Best defensive player: Junior LB Michael Barton. The linebackers are likely to be the strongest unit on the tattered D. And Barton is the leader of the group from weakside. He’s being challenged for the starting job this offseason, an indication that young players like sophomore Devante Downs are elevating the depth and overall talent of the position. Barton is a scrappy, blue-collar run defender, with a penchant for being around the ball and wrapping up in the open field.
Key players to a successful season: Cornerbacks Darius White and Darius Allensworth. Go ahead and include likely backups De’Zhon Grace and Cedric Dozier as well. The Bears won’t move forward unless they defend the pass better in 2014, a collaborative objective involving the new corners and the pass rushers. Cal was easy pickings a season ago, allowing 367 yards a game, by far the most in the FBS. White, a second-year transfer from Itawamba (Miss.) Community College, is generating cautious optimism following a terrific spring, but he alone can’t elevate a unit that’s so far removed from respectability.
The season will be a success if … Cal plays a 13th game. It’s Year 3 for Sonny Dykes. The rising star at quarterback is just one of 17 returning starters. And the tumult from the staff’s first season is now a fading memory. The Bears absolutely, positively must bowl in 2015, especially after coming so close to reaching the postseason last fall. Still, the schedule is brutally demanding following an opening day visit from Grambling, so even matching the five wins from 2014 might require an upset during a wicked second-half schedule that includes trips to UCLA, Oregon and Stanford, and visits from USC and Arizona State.
Key game: Oct. 22 at UCLA. Thursday night at the Rose Bowl. What a great opportunity for the Bears to showcase to the nation their high-flying offense and their general progress under Sonny Dykes. The Bruins needed to rally from a fourth-quarter deficit last October, eking out a 36-34 win, so the gap between the programs isn’t insurmountable. Cal will need to upend at least one more talented opponent in order to bowl this fall, and UCLA could provide the launching point for a strong finish to 2015.
2014 Fun Stats:
– Points per game: Cal 38.2 – Opponents 39.8
– Sacks: Cal 16 – Opponents 27
– Red-zone touchdown%: Cal 73% – Opponents 65%
Players You Need To Know
What you need to know about the offense: Heads up, Pac-12. The Bear Raid is heating up and about to peak in Sonny Dykes’ third year in Strawberry Canyon. The nuances of an up-tempo spread that relies on lots of power running and play-action out of shotgun formations have been fully implemented. And after improving by more than two touchdowns per game in 2014, the needle is still pointing up for the pass-happy Bears. QB Jared Goff is back for his third year as a starter, intent upon taking his game to a new level of efficiency and productivity. And he’ll have no shortage of support from a gifted supporting cast that includes last year’s top five rushers and seven players who caught at least 20 passes. Cal will stretch defenses in all directions … provided the offensive line gels before the opener. Although only two starters have graduated, the front wall is still trying to settle on the right combination of blockers. From left to right, the starting unit coming out of spring was comprised of all upperclassmen, Steven Moore, Chris Borrayo, Matt Cochran, Jordan Rigsbee and Brian Farley.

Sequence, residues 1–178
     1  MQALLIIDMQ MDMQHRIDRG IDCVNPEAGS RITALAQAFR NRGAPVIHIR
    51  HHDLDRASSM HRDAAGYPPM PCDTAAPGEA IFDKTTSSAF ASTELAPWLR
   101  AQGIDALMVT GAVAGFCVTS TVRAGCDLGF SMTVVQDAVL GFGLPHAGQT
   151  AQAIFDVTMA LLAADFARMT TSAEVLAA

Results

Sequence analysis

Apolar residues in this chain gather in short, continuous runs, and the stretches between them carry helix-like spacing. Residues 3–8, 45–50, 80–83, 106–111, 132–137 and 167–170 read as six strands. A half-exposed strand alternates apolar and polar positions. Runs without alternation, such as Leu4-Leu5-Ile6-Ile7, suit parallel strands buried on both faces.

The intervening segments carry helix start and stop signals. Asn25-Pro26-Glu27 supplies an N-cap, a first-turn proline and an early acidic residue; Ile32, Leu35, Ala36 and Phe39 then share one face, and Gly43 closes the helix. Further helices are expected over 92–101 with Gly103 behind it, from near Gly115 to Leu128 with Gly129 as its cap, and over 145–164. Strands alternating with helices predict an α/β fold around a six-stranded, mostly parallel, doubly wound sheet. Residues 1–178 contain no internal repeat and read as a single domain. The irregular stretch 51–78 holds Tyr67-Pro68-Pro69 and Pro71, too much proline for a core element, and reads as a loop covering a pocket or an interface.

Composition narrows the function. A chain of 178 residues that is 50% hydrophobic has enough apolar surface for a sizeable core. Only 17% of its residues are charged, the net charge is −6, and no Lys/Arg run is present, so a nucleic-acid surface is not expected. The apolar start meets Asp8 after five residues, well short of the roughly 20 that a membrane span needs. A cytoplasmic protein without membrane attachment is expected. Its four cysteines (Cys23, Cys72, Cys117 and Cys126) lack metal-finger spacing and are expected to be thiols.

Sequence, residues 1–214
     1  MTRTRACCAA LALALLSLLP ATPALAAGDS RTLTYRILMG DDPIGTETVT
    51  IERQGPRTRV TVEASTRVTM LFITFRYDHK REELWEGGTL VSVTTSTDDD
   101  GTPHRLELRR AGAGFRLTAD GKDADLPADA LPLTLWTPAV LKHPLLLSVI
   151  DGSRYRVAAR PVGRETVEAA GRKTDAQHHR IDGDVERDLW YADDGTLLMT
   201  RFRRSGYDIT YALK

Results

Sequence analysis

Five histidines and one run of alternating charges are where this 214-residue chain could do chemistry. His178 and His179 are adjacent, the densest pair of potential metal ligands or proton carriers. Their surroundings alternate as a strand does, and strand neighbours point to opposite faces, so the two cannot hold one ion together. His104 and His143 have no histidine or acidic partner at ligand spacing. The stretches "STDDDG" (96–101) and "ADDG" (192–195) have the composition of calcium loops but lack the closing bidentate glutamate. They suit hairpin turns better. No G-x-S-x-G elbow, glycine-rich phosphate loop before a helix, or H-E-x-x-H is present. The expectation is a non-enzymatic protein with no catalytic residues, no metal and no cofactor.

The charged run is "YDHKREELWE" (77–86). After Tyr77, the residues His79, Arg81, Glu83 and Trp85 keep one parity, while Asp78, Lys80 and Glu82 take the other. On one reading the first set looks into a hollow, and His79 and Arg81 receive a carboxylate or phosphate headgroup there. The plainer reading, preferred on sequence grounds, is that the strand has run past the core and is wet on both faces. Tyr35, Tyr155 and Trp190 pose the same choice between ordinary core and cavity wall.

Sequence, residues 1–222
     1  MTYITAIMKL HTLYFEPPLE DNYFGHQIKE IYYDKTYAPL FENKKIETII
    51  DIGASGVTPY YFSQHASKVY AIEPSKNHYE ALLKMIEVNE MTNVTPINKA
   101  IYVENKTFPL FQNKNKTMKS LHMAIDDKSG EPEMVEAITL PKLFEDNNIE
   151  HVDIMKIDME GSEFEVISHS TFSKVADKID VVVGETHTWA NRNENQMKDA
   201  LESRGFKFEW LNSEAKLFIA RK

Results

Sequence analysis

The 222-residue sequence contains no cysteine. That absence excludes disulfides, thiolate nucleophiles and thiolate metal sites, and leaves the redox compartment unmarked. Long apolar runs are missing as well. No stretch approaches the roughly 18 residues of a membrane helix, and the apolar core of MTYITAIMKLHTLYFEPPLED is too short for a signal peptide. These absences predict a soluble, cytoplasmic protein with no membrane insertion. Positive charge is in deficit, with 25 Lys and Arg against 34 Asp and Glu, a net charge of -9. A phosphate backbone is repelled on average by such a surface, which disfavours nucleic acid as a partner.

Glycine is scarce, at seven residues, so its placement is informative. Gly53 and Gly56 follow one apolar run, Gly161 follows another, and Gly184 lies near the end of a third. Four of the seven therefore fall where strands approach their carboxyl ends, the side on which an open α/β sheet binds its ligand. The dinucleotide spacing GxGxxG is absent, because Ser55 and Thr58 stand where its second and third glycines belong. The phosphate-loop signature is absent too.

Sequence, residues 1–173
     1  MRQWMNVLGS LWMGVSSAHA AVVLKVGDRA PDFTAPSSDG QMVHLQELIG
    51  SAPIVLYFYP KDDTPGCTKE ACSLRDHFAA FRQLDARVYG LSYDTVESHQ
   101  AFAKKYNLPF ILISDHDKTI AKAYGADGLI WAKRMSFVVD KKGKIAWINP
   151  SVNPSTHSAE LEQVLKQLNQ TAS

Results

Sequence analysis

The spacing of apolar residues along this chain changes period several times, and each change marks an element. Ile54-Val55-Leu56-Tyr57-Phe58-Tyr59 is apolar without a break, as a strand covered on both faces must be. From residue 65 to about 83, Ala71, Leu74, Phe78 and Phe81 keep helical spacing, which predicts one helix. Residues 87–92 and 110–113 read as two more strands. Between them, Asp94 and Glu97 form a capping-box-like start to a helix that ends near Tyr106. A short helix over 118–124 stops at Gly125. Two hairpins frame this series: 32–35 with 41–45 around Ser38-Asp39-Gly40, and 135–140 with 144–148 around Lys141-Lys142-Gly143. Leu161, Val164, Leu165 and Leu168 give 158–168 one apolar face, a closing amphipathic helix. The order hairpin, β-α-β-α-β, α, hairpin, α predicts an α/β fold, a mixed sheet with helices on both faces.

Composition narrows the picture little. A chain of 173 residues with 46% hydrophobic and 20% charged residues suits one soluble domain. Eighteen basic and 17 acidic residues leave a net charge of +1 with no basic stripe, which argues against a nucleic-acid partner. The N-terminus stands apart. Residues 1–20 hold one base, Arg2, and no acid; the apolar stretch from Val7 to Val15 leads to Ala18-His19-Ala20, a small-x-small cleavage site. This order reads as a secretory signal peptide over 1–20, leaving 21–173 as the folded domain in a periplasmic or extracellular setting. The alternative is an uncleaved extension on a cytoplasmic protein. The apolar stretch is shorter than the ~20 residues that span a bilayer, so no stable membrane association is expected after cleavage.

What you need to know about the defense: Save for possibly QB Jared Goff and head coach Sonny Dykes, Art Kaufman is the most important individual to the Cal program in 2015. He’s the coordinator, the guy in charge of stabilizing one of the nation’s worst defenses of the past two seasons. The Bears improved in Kaufman’s debut, but not by much. They still yielded 40 points and 511 yards per game, getting gashed through the air. And while another step forward is anticipated in 2015, this will still be one of the easiest Pac-12 defenses to navigate in the fall. Hope will come in different forms and faces. Wake Forest transfer James Looney has turned heads in practice, helping give the team its best tackle tandem in years. DE Kyle Kragen is healthy again after missing all of 2014. And the linebackers are an experienced, veteran unit. But the front seven will need to far exceed all expectations to provide cover for a defensive backfield still reeling from being repeatedly shelled last fall.
Players You Need To Know
1. QB Jared Goff, Jr.
Goff grew exponentially as a second-year sophomore in 2014. If he continues to head in the right direction, he could be the nation’s most prolific passer in 2015. The game began to slow down last year for the 6-4, 210-pounder, who broke 15 school records and ranked in the top 10 nationally in six categories. The rookie mistakes of 2013 were replaced by poise, confidence and a very soft touch on back-shoulder fades. And an improved Goff resulted in 316-of-509 completions for 3,973 yards, 35 touchdowns and seven interceptions.
2. RB Daniel Lasco, Sr.
Sure, Cal is a pass-first operation under Sonny Dykes. The emergence of Lasco out of the backfield, though, has helped bring much-needed balance to the Bear Raid. And balance makes stopping this team distinctly harder. In many ways, Lasco is an ideal fit for this system. He’s 6-0, 210-pound downhill runner. However, he also has soft hands as a receiver and the jets to explode through defenses. The program’s 2014 Most Valuable Player rushed for 1,115 yards and 12 scores on 210 carries, while also catching 33 passes for 356 yards and two more touchdowns.